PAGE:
Review Quality Rating: 9 (strong)
Citation: Mukadam N., Cooper C., Kherani N., & Livingston G. (2015). A systematic review of interventions to detect dementia or cognitive impairment. International Journal of Geriatric Psychiatry, 30(1), 32-45.Evidence Summary PubMed LinkOut
BACKGROUND: Memory services have been implemented nationally to increase early dementia diagnosis, and further evaluation of their impact and other strategies to increase timely dementia diagnosis are needed.
AIMS: To systematically review the literature for interventions intended to increase the detection of dementia or suspected dementia or people presenting with memory complaints.
METHOD: We searched electronic databases, hand searched references and contacted authors of included papers, contacted field experts and UK charities and councils for data about their dementia awareness programmes.
RESULTS: We included 13 studies, of which four were randomised controlled trials (RCT). Two RCTs found that general practitioner (GP) education increased suspected dementia cases. One RCT found up to six home visits from a specialist geriatric nurse over 30?months increased the rate of accurately diagnosed dementia. There was preliminary evidence from non-randomised studies that memory clinics increase timely diagnosis, but no evidence they increase the overall diagnosis rate.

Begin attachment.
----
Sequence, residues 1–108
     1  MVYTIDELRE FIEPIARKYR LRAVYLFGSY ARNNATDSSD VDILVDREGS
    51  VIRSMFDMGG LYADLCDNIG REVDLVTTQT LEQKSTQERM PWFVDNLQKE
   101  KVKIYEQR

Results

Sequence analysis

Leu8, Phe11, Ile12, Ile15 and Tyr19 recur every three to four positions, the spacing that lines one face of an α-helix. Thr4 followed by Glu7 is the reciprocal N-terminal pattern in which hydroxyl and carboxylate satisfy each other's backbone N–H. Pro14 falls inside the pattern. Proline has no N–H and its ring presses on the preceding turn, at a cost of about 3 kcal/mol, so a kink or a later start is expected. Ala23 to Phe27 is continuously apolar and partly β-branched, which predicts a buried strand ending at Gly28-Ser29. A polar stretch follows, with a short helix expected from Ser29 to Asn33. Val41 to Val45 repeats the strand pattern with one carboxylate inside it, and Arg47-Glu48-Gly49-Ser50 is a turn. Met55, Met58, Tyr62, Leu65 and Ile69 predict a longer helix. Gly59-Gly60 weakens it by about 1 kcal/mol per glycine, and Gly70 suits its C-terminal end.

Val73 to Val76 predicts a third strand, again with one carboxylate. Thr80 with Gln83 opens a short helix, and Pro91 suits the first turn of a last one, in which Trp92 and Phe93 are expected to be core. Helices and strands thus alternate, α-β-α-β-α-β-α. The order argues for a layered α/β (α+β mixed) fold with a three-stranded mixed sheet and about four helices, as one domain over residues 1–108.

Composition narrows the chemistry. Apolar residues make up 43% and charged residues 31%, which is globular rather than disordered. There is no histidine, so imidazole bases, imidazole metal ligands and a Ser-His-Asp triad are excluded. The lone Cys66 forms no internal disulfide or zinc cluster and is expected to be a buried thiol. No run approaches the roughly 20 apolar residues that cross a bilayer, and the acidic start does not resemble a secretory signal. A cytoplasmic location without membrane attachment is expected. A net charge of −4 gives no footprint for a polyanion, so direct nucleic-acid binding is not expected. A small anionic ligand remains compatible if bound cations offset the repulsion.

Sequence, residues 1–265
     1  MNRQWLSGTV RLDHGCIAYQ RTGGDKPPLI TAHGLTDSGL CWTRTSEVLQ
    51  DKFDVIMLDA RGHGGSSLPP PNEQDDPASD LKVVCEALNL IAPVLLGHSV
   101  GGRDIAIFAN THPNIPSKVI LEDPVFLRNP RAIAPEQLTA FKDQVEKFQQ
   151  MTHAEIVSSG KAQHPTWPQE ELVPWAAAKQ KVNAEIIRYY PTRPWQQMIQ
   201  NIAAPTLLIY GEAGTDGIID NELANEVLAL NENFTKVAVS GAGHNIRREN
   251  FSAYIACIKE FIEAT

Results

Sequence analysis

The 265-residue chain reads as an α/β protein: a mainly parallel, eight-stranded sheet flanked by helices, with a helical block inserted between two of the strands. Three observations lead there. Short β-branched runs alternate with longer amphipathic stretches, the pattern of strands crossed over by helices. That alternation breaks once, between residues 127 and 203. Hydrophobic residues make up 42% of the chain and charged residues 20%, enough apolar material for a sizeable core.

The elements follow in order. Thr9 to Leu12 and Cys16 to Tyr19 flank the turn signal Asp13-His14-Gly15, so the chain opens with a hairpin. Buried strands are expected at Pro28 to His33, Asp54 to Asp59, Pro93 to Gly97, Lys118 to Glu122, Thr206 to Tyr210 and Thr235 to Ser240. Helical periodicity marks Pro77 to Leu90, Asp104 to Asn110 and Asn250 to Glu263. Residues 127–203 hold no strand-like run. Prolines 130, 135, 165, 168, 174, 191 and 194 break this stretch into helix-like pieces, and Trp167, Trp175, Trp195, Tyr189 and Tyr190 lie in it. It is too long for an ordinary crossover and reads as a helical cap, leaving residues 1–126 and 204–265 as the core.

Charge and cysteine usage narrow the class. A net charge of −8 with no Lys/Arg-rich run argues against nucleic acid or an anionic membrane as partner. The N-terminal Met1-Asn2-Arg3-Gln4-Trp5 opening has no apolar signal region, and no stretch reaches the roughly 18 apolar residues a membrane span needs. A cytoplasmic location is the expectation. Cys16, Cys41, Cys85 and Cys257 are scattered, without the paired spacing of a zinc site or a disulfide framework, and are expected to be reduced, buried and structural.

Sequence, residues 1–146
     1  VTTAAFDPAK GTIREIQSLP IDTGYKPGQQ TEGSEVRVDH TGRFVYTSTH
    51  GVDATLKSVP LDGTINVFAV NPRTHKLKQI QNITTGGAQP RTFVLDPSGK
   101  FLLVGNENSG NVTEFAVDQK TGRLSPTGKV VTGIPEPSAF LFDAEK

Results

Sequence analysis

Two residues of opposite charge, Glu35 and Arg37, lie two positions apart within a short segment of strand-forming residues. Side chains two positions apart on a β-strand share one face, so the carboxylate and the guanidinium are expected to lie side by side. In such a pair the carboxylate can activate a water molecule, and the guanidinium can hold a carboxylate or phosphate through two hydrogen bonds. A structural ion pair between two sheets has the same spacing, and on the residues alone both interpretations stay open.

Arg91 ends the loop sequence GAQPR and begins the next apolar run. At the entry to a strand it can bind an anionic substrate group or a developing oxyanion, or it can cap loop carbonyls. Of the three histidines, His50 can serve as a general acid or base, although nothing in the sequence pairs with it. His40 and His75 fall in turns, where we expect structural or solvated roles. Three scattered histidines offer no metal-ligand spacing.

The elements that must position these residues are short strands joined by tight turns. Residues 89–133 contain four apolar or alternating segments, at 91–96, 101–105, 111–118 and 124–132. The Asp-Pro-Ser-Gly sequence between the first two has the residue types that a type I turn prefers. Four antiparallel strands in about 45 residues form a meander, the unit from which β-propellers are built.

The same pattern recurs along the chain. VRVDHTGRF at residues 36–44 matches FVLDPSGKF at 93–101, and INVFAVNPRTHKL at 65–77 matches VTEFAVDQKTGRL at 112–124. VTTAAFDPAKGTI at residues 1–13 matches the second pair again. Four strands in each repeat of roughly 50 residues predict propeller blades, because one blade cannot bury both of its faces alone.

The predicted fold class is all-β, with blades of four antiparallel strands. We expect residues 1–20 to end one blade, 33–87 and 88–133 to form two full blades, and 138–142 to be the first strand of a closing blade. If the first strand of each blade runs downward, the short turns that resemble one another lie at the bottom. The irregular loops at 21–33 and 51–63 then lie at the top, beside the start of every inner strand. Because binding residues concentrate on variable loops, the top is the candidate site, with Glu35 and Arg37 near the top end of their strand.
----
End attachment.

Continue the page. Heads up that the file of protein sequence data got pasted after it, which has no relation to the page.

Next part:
CONCLUSIONS: There is good quality evidence that GP education increases the number of suspected dementia cases but not accurate or earlier dementia diagnoses. One RCT reported that multiple visits from a trained nurse increase the diagnosis rate. There is no cost effectiveness evidence. Our findings suggest good quality RCTs are needed to test the effectiveness and cost-effectiveness of interventions to increase dementia detection.
Adults (20-59 years), Community, Education / Awareness & Skill Development / Training, Mental Health, Nursing home/long-term care facility, Primary health care provider office (e.g., Public health nurse, dietitian, social worker), Screening, Senior Health, Seniors (60+ years)